Pirate 4x4 banner

1 - 14 of 14 Posts

·
Registered
Joined
·
244 Posts
Discussion Starter #1
I'm thinking of using Unistrut tube as my top shock mount in the rear so that as I dial in my rear suspension it'll be infinetly adjustable. Do you think unistrut is strong enough? I took a look at it this weekend and it looked to be about 1/8".


Milan
 

·
Registered
Joined
·
12,996 Posts
<font color="yellow">
1/8" for a shock mount? No. I woulnd't even fell comfortable using flat stock that thick.

What about a piece of 5/16" all-thread rod from Home Depot or something?</font>
 

·
Registered
Joined
·
244 Posts
Discussion Starter #3
Originally posted by MasterYota:
<STRONG><font color="yellow">
1/8" for a shock mount? No. I woulnd't even fell comfortable using flat stock that thick.

What about a piece of 5/16" all-thread rod from Home Depot or something?</font></STRONG>

I've never heard of that, what department is it in? I'll try to find it.
 

·
Premium Member
Joined
·
5,991 Posts
You know, I just wouldn't trust it. I make it a rule to not cut corners when it comes to suspension components. Make sure your shock mounts are plenty strong (3/16 or 1/4" tube works great <IMG SRC="smilies/smile.gif" border="0">). Your shocks take quite a beating.
 

·
Registered
Joined
·
25,132 Posts
If you get the 1 5/8" Unistrut (it has a nearly square cross section) it should be PLENTY strong. I thought it had a working strength in the 1000s of pounds range.
 

·
Registered
Joined
·
25,132 Posts
Originally posted by Pazuzu:
<STRONG>If you get the 1 5/8" Unistrut (it has a nearly square cross section) it should be PLENTY strong. I thought it had a working strength in the 1000s of pounds range.</STRONG>
Wait, I just reread your post. What are you trying to use? I'm assuming you want to run a 4 foot length of Unistrut between the frame rails, then mount the (tilted) shocks to that. Are you talking about some kind of Unistrut rod as the actual mount itself?
 

·
Registered
Joined
·
3,383 Posts
I personally wouldn't use it, and I use Unistrut all the time for HVAC and piping work. I'd use a minimum of 3/16" thick material to span the framerails, 1/4" is even better. If you have a local 4x shop, stop in a pick up some studs for shocks. They usually have a drawer full of them left over from customers that didn't need them. Usually they'll give you them free or throw them in with the shocks. I picked up 4 of them for free when I bought my Procomp shocks. If you drill a hole into the frame spanning tube, you can drop the shock stud right in and weld it together. It works pretty slick and isn't hard to do.
 

·
Registered
Joined
·
244 Posts
Discussion Starter #9
Originally posted by Pazuzu:
<STRONG>Wait, I just reread your post. What are you trying to use? I'm assuming you want to run a 4 foot length of Unistrut between the frame rails, then mount the (tilted) shocks to that. Are you talking about some kind of Unistrut rod as the actual mount itself?</STRONG>

That is actually what I was thinking of using because it has all those nicely pre-pressed holes that would make changing the mounting position pretty easy. I'm kind of reconsidering now though. Unistrut would have been really nice because I kind of have a limited selection of tools and would have simplified tuning my suspension.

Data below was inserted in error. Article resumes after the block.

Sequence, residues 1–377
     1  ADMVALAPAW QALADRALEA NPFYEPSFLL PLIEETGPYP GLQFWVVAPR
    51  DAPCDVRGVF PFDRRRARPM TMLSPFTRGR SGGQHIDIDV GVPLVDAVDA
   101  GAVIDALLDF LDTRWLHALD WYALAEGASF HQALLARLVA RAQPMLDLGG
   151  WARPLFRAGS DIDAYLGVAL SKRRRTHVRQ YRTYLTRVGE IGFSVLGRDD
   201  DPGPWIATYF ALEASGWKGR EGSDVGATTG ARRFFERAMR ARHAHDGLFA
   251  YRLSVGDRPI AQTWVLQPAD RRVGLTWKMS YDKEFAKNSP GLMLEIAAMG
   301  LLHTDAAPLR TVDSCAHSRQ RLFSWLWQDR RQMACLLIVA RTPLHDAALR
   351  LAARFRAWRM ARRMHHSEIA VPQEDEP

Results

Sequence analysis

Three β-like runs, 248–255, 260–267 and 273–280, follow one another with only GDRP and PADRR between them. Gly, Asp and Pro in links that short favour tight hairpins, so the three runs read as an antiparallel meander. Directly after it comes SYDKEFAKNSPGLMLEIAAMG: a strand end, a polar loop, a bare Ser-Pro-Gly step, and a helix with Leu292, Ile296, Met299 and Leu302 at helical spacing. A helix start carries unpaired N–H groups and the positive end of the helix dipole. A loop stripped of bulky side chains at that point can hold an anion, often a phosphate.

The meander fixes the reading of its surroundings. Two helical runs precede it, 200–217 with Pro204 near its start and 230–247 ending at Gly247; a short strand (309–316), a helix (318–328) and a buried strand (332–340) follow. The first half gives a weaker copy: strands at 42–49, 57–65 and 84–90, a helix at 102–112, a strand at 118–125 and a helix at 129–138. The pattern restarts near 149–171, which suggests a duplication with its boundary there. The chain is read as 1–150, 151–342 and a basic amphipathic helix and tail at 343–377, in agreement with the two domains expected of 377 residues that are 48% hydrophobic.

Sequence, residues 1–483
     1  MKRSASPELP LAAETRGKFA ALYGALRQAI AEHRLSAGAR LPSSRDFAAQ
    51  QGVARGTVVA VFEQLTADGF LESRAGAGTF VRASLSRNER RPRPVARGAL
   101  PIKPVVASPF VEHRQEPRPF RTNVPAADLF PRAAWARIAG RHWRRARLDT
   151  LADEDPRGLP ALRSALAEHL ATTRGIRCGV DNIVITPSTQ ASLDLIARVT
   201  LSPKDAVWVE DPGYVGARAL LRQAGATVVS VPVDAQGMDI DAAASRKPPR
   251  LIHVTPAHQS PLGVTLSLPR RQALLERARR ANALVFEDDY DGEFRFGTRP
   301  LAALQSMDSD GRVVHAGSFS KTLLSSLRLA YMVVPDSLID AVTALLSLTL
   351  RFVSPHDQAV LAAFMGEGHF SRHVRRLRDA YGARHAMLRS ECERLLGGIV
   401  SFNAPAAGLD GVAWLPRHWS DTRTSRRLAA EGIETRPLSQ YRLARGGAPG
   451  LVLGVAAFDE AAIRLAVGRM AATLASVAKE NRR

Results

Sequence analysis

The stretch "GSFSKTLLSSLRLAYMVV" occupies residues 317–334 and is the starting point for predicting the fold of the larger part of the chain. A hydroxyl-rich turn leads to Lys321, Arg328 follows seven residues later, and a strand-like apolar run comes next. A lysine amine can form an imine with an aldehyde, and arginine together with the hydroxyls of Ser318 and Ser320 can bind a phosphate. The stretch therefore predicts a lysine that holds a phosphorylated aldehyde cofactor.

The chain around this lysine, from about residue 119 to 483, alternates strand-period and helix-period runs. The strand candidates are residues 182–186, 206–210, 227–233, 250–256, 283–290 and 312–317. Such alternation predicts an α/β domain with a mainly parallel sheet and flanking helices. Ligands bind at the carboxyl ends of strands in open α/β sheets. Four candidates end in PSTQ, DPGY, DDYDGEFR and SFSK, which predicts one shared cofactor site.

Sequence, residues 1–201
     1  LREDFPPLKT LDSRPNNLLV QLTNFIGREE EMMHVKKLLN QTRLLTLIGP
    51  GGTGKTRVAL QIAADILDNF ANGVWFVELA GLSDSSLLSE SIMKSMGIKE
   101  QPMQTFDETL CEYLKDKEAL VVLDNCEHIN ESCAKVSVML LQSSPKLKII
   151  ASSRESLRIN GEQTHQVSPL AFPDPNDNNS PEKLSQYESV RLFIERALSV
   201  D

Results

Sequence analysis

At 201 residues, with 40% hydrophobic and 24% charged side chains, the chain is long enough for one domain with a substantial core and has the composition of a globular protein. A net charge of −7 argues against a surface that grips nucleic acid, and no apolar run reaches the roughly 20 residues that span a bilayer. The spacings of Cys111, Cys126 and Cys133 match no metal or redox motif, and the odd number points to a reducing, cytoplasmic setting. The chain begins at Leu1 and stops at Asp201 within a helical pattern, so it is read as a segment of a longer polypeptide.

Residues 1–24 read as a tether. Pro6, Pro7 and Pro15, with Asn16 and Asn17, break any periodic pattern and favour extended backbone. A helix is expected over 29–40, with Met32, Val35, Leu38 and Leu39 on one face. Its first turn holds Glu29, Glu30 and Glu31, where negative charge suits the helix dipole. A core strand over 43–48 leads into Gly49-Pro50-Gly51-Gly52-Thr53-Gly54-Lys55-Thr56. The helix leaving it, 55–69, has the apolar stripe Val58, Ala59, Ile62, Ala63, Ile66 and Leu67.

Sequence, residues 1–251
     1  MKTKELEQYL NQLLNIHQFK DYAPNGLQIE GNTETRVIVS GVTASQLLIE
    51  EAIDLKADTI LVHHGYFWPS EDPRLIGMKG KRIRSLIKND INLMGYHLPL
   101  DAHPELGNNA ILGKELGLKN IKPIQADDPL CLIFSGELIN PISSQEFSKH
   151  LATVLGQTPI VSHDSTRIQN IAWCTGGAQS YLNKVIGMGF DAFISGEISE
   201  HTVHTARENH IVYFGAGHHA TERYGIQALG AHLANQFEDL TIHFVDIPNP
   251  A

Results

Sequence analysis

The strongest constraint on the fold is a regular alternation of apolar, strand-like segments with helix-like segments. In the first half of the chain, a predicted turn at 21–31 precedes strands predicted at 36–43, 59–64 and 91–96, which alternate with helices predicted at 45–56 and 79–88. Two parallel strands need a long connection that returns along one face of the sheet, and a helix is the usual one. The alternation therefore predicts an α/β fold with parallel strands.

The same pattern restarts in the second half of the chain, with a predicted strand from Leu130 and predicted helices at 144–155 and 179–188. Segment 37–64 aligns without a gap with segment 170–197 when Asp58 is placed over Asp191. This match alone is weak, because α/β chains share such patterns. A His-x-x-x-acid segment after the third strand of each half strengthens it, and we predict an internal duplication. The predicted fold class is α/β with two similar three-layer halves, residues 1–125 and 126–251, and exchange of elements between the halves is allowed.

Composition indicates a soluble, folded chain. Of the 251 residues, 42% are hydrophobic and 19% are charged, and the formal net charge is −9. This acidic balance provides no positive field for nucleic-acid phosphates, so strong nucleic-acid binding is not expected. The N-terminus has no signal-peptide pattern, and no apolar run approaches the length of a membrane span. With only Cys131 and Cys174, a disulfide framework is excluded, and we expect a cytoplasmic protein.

Milan
 

·
Registered
Joined
·
244 Posts
Discussion Starter #10
Originally posted by David Otto Fritzsche AKA OOPS:
<STRONG>Pardon my ignorance, but what is unistrut tube???</STRONG>
Unistrut is square cross-section metal tube with pre-pressed oval holes on two opposite sides and one side open with rolled edges. It's used to hang air conditioning equipment, lights, etc. But I guess all of those things are static force as opposed to the dynamic force of cycling shocks.

Milan
 

·
Registered
Joined
·
3,501 Posts
Originally posted by Pazuzu:
<STRONG>If you get the 1 5/8" Unistrut (it has a nearly square cross section) it should be PLENTY strong. I thought it had a working strength in the 1000s of pounds range.</STRONG>
I would agree that the 1 3/4 square (with no holes) is pretty strong. Maybe not strong enough for a shock mount, but for lots of other stuff. The pic is my 'temporary' flat bed. Held up very well in the wreck. Also made a rack for my hi-lift and C-O2. I love the stuff!

<IMG width=532 height=317 SRC="http://www.pirate4x4.com/ubb/uploads/unistrut.jpg">
 

·
Wicked Raciest !
Joined
·
17,738 Posts
Originally posted by FattyCBR:
<STRONG>Unistrut is square cross-section metal tube with pre-pressed oval holes on two opposite sides and one side open with rolled edges. It's used to hang air conditioning equipment, lights, etc. But I guess all of those things are static force as opposed to the dynamic force of cycling shocks.

Milan</STRONG>
Thanks I know what it is now and no I would not use it, I do not think that it would be strong and I know that it is not the best grade steel out there. Better then rebar but not as good as cold rolled steel. That is my opinion.
 

·
Registered
Joined
·
8,474 Posts
Why not use both take a piece of Uni-strut with a piece of steel for support. You now have the strength of steel with the adjustment of Uni-strut. <IMG SRC="smilies/jester.gif" border="0">
 

·
Banned
Joined
·
9,402 Posts
I used a piece of 2 X 2 X 3/16 angle with holes drilled in it and It bent just driveing on the Street!! and not I didn't bottom out the shocks. To fix it I bent it back and then added a piece of 2x2 X 1/8" wall square tubing under it. Hasn't bent since. I would of just taken it off and started from scratch except that I have a 4runner and don't have the luxury of removing the bed to grind the welds off. If I was to do it again the smallest piece I would use is 2x2 3/16 square tubing and nothing smaller!!

[ 09-17-2001: Message edited by: 4RnrRick ]
 
1 - 14 of 14 Posts
Top